Seraphim Urecheanu stood up in parliament this week and produced a document that appeared to be an instruction from President Voronin to Prime Minister Grecianii. In a bid to defend Moldova's forests, the President had apparently instructed the government to issue an order requiring all citizens to be buried in plastic bags rather than the traditional wooden caskets.
Rather predictably the police have subsequently indicted Mr Urecheanu for falsification of a document. The effect of such an investigation will obviously be to deter Mr Urecheanu and other opposition politicians from holding the Government to account when other incriminating documents come into their possession.
In the Westminster democracies what goes on in Parliament is subject to a different set of rules from what goes on outside. Normal laws on slander, libel etc. are replaced with a system known as Parliamentary Privilege. The basic idea is that, within the walls of parliament, members should have the ability to make claims and declarations without fear, and without having to amass the normal body of proof required by a court of law. Matters raised in Parliament are viewed as being too urgent or too important to be subject to these requirements.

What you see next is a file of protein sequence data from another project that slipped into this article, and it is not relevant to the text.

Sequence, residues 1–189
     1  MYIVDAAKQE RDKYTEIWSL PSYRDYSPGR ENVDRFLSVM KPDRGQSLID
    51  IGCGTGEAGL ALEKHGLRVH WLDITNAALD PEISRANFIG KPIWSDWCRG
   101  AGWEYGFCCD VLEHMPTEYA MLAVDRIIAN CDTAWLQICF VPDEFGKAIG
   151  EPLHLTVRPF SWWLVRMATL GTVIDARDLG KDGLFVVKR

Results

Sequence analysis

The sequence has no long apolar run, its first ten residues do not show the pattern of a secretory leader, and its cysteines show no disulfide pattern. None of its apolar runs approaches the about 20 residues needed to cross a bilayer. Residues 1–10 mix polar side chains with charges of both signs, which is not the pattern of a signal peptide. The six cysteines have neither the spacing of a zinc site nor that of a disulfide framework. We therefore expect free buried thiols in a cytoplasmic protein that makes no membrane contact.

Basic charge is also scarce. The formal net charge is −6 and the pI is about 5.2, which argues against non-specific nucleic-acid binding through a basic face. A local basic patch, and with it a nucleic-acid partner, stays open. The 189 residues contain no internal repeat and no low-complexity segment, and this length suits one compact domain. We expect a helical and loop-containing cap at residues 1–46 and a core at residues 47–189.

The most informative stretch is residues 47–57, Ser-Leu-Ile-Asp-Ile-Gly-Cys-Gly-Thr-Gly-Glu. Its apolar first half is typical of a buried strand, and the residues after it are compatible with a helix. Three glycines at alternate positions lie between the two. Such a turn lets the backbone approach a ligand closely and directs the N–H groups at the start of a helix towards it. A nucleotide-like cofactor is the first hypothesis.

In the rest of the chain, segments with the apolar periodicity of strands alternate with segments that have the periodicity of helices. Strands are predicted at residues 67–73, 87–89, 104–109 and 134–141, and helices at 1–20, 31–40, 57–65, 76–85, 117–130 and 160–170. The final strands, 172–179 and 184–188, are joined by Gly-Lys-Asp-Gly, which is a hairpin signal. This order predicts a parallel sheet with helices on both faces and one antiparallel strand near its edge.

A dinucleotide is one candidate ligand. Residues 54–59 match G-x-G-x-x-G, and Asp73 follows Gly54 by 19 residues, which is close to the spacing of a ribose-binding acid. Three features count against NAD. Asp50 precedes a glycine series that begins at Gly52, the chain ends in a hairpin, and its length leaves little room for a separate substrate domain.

Moldova is a country transitioning to full democracy from the totalitarianism of the Soviet Union. Given the authoritarian backgrounds and instincts of many of her leading politicians, open debate, supported by parliamentary privilege, is even more important than it is in a mature democracy.
Mr Urecheanu must be free to make his declarations (truthful or not) without fear of legal action. What do you say, Messrs. Lupu & Rosca?